To further investigate the relationship between p40phox, NOX2, and F-actin, we analyzed their distribution in growth cones with different amounts of F-actin. Most growth cones exhibit a typical actin organization with filopodial actin bundles in the P domain (growth cone in lower left of Fig. 4). These growth cones were rich in p40phox in the P domain. A smaller fraction of flat growth cones that are devoid of F-actin had very little p40phox in the P domain (growth cone in upper right of Fig. 4). These growth cones only exhibited p40phox signals in areas where the microtubule- and organelle-rich C domain invades the F-actin-free P domain. On the other hand, NOX2 signals in the P domain did not vary that much between growth cones containing different amounts of F-actin (Fig. 4c).
To confirm this correlation between p40phox and the F-actin localization, growth cones were treated with two different concentrations of cytochalasin B to perturb the F-actin organization (Fig. 5). A low dose of cytochalasin B (350 nM) resulted in the disruption of F-actin bundles but preservation of the F-actin meshwork (Burnette et al. 2008). Along with the disruption of F-actin bundles, we observed a 32% decrease in p40phox levels within the P domain (Fig. 5j; anova, **p < 0.01). A high dose of cytochalasin B (5 μM) strongly inhibited F-actin assembly in bundles and meshwork in the P domain. As retrograde actin flow continued, this treatment resulted in clearing of all F-actin structures from of the P domain besides a cytochalasin-resistant band of F-actin at the leading edge (Forscher and Smith 1988). p40phox localization was completely disrupted in the region of actin clearance, and its levels decreased by 74% (Fig. 5i–j; ****p < 0.0001). Interestingly, NOX2 levels were also reduced by cytochalasin B treatment (17% by 350 nM cytochalasin B, anova, **p < 0.01; 58% by 5 μM cytochalasin B, ****p < 0.0001). In summary, our results suggest that the growth cone localization of p40phox, as well as of NOX2, depends on F-actin.
F-actin association of p40phox
To further demonstrate a potential association of p40phox with the F-actin cytoskeleton, we performed subcellular fractionation of Aplysia CNS tissue lysates (Fig. 6a). As expected, NOX2 was enriched in the plasma membrane compared to the cytoskeletal fraction and was not removed from this fraction following DNase 1 treatment, which reduces membrane-associated F-actin (Fig. 6a). On the other hand, p40phox was more prominent in cytoskeletal than in membrane fractions. The distribution of p40phox in the various cytoskeletal fractions (cytoskeletal, cytochalasin B-sensitive cytoskeletal, cytochalasin B-resistant cytoskeletal) showed a similar pattern as actin, indicating that a significant portion of p40phox fractionates together with F-actin. The ratio of cytoskeletal over membrane-associated protein was higher for p40phox when compared to NOX2 (Fig. 6b; 1.08 ± 0.05 for p40phox vs. 0.76 ± 0.03 for NOX2; paired Student's t-test, p = 0.05). In addition, we detected p40phox in actin immunoprecipitations from Aplysia CNS lysates (Fig. 6c). In summary, immunolocalization and biochemical data strongly suggest that the cytosolic subunit p40phox associates with the F-actin cytoskeleton in unstimulated neurons, while localization of the membrane subunit NOX2 appears less dependent on F-actin.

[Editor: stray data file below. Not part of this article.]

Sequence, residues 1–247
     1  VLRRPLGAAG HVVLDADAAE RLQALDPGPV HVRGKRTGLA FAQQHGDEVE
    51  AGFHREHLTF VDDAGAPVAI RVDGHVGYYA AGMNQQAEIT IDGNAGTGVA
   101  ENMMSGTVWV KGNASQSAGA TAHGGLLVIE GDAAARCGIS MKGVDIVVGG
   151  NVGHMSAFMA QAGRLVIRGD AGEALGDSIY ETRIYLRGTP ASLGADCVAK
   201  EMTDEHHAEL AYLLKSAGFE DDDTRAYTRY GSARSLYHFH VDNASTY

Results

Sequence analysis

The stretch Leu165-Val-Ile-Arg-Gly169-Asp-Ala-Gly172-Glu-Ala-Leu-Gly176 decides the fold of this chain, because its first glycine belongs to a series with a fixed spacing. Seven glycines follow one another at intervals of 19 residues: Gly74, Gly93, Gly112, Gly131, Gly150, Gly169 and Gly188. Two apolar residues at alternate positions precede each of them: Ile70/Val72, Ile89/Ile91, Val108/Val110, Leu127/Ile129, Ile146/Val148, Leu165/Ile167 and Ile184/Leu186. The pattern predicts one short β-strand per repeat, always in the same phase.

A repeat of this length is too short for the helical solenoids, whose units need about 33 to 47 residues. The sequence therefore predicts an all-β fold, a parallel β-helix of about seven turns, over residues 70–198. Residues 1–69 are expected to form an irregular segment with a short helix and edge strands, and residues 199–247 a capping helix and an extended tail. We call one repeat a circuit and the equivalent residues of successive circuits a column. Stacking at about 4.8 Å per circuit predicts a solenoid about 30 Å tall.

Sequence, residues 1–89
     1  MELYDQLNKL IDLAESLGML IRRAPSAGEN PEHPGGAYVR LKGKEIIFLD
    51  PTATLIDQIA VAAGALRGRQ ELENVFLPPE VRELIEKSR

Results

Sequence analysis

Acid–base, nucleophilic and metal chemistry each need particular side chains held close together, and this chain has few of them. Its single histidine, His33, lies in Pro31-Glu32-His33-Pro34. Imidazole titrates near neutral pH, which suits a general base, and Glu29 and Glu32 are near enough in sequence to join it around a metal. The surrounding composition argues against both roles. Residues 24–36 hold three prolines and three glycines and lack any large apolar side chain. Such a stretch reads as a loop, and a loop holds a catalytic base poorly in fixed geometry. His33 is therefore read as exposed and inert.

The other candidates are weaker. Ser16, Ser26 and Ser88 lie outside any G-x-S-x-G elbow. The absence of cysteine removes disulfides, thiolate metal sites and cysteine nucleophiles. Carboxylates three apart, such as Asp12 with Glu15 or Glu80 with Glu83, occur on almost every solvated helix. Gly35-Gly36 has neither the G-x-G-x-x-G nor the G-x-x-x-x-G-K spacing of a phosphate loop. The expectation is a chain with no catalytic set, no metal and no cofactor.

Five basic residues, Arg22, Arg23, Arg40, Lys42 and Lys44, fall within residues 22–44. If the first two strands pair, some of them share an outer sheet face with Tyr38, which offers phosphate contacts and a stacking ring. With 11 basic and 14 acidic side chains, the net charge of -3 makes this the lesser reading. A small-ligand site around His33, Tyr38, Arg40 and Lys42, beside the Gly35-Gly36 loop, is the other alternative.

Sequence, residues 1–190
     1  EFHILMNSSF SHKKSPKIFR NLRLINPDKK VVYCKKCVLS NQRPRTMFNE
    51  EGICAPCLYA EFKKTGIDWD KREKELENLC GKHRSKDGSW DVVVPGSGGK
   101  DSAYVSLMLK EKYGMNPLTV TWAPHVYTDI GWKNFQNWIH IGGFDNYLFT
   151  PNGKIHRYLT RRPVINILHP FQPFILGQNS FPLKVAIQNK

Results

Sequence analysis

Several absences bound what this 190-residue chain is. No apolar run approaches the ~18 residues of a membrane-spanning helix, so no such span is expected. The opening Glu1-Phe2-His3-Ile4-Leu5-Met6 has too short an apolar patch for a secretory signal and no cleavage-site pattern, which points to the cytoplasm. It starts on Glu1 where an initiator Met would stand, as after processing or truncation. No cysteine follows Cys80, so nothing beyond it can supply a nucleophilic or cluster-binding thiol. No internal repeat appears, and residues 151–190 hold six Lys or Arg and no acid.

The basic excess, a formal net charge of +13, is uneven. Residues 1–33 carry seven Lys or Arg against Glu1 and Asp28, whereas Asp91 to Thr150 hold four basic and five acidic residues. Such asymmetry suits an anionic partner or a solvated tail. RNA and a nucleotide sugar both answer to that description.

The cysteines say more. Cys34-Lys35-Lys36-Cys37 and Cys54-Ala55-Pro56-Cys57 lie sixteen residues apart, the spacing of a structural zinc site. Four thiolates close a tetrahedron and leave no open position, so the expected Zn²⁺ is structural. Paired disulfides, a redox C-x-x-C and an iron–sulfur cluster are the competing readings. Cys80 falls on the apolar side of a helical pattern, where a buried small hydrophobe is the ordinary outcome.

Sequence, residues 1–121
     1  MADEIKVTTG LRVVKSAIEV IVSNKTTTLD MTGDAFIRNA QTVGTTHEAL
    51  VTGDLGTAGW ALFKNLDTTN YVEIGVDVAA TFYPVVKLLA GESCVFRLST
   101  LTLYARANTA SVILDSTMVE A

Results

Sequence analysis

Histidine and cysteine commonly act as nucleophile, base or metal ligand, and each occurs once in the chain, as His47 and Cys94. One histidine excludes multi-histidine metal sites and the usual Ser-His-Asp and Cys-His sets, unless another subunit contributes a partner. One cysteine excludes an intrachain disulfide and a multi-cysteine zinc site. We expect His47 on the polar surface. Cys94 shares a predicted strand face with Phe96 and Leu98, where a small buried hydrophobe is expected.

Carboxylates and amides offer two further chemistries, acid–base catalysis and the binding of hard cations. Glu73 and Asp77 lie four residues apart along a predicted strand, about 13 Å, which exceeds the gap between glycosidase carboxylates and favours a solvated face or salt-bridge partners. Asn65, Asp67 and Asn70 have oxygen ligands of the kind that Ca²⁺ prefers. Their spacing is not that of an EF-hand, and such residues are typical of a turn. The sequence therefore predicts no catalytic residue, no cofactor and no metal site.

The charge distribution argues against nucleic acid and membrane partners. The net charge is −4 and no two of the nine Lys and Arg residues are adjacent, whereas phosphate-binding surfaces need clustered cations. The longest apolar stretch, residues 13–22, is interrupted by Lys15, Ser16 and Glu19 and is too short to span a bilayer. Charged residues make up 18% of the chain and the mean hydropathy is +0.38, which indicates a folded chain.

Enhanced p40phox-NOX2 colocalization in apCAM-evoked growth
To investigate whether p40phox and NOX2 distribution changes following growth cone stimulation with adhesive cues, we performed the restrained bead interaction (RBI) assay utilizing beads coated with the Aplysia cell adhesion molecule apCAM (Suter et al. 1998, 2004). Since considerable actin remodeling occurs around beads during apCAM-evoked growth, we tested whether NOX2 and p40phox localization was altered during these events. We found a significant increase of both p40phox and NOX2 signals in vicinity of apCAM beads when compared to adjacent non-RBI areas (Fig. 7a–d). Furthermore, there was a significantly higher colocalization of p40phox and NOX2 when compared with non-RBI areas (Fig. 7d–e; 71.4 ± 4.0% colocalization in bead areas vs. 29.5 ± 4.8% in non-RBI areas; n = 4 RBI experiments; Student's t-test: ***p < 0.001). In the example shown here, the staining for NOX2 and p40phox appeared reduced in the C domain that extended toward the restrained bead when compared to C domain labeling of control growth cones. However, we did not observe this reduction consistently in other experiments. These findings indicate that apCAM-mediated adhesion could result in NOX2 cytosolic subunit recruitment and potential NADPH oxidase activation that involves F-actin remodeling.